The fall of the Roman Empire was caused be many different factors coming together at the same time. Historians typically divide the fall into two main periods: the decline of the Western Roman Empire, which ended in 476 CE, and the transformation of the Eastern Roman Empire (Byzantine Empire), which continued until the fall of Constantinople in 1453 CE.

A perfect storm of political, military, economic, social, administrative, and cultural factors brought the once mighty Roman Empire to its end.
  • Political instability and corruption weakened the Roman government. Frequent changes in leadership, with emperors often assassinated or overthrown, led to a lack of consistent and effective governance.

  • Invasions by barbarian tribes such as the Visigoths, Vandals, Huns, and Ostrogoths significantly weakened the Western Empire. The sack of Rome by the Visigoths in 410 CE and by the Vandals in 455 CE were particularly impactful.

  • The division of the Roman Empire into the Western and Eastern Roman Empires in 285 CE under Emperor Diocletian made the Western Empire more vulnerable to attacks and internal strife.

  • The Roman military became less effective due to a decline in discipline, training, and loyalty. Reliance on mercenary forces who were not always loyal to the Empire the problem worse.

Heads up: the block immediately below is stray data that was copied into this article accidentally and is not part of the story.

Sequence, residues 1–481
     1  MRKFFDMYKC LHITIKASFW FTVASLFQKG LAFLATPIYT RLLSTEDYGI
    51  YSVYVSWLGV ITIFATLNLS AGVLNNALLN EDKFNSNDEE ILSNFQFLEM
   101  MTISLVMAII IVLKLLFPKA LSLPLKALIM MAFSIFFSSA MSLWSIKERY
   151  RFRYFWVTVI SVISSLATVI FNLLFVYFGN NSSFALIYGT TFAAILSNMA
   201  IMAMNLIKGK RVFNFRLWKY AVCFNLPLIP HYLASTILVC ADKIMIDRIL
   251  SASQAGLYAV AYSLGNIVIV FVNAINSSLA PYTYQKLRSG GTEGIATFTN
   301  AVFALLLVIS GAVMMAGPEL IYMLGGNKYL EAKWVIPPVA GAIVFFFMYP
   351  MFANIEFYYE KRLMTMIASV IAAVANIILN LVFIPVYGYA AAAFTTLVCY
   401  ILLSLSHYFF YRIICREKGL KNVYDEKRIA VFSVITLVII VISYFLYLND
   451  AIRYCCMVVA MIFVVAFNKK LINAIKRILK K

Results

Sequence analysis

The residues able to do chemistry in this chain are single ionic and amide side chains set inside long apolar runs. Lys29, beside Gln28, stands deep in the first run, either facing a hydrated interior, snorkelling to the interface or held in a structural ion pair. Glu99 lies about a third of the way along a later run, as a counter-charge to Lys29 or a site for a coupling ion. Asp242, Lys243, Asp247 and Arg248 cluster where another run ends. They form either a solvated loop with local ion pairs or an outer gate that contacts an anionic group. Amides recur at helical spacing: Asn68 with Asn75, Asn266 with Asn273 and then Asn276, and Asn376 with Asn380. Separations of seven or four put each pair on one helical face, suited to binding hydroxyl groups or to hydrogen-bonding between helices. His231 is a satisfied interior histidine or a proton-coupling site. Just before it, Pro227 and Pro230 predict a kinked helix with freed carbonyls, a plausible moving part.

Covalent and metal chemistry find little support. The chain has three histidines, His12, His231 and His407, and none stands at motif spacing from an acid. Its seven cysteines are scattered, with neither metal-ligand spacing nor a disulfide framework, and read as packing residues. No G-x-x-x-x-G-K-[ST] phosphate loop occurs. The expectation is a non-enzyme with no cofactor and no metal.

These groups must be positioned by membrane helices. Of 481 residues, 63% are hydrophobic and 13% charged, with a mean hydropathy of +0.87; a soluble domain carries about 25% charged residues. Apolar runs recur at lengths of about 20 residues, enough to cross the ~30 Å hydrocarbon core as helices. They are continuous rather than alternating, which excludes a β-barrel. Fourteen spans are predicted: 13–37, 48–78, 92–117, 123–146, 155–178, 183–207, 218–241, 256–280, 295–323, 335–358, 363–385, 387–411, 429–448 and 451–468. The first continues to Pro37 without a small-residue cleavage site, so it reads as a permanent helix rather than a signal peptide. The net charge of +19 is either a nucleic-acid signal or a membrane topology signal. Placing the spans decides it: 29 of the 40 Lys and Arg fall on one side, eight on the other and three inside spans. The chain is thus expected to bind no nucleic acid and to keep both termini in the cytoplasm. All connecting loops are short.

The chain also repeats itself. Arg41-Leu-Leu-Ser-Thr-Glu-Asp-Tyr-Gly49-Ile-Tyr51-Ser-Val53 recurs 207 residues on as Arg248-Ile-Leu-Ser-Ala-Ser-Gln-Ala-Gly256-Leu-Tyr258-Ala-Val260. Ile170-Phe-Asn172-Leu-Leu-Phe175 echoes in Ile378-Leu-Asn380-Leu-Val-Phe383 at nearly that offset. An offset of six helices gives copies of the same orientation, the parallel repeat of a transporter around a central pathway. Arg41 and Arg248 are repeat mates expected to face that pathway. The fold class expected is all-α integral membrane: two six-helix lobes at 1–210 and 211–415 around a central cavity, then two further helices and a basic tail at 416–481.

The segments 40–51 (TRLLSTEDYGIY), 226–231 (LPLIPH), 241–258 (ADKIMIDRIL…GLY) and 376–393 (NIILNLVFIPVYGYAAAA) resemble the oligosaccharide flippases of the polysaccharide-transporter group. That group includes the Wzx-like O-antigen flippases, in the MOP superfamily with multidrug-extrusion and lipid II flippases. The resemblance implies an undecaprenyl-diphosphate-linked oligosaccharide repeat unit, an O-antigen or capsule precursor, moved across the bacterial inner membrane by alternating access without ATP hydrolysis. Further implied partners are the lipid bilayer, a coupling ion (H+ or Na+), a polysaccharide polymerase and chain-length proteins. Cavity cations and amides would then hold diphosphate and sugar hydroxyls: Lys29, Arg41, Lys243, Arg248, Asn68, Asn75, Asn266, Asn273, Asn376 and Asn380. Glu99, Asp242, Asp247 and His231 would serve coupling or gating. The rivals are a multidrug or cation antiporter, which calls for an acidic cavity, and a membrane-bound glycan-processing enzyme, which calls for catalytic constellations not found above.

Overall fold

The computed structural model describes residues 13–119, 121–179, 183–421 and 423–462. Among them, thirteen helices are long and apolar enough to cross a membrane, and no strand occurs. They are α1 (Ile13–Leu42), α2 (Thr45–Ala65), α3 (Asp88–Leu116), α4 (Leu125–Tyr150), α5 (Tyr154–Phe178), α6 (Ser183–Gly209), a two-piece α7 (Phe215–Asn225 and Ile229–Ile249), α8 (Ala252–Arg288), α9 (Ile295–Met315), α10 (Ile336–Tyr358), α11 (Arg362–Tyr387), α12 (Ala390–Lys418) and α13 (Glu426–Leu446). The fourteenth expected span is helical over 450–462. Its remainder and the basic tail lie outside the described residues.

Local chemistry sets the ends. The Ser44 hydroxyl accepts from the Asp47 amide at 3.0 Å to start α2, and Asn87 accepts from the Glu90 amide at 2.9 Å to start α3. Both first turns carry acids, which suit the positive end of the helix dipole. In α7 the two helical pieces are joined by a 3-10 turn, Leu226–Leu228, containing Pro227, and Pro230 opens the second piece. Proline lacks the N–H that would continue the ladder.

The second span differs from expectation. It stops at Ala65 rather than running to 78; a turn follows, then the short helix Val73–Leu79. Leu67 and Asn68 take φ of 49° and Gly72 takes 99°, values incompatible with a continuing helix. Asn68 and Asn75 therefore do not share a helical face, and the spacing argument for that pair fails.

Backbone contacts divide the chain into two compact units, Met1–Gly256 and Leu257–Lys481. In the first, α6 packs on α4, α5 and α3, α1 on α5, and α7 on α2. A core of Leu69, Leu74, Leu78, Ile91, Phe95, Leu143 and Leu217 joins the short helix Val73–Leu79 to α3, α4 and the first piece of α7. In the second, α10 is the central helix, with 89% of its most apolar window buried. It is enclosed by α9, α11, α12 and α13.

• The Roman economy suffered from severe inflation, heavy taxation, and reliance on slave labor. These issues weakened the economic foundation of the Empire.

  • The vast size of the Roman Empire made it difficult to govern effectively. Communication and administration across the extensive territories were challenging.

  • There was a decline in the traditional Roman civic virtues and patriotism. This led to a decrease in public morale and loyalty to the state.

  • The movement of the Huns into Europe displaced other barbarian tribes, pushing them into Roman territories and leading to increased conflict.

Get to Know Us

Our kids were 8 and 10 when we first visited Rome. It's one of our most memorable trips. So much so, we returned a few years later to continue our adventures.

 

We loved exploring Rome, learning about ancient Roman history and how this advanced civilization, founded over 2,000 years ago, still influences our daily lives.

The Romans still capture our imaginations after all these years. It doesn't seem to matter how old we are. The architecture, their way of life, and their nation's rise and fall, engage us and make us wonder what it would have been like to live during these ancient times.

If you like exploring the world as much as our family does, check out the app we built in and use to keep track of our journey.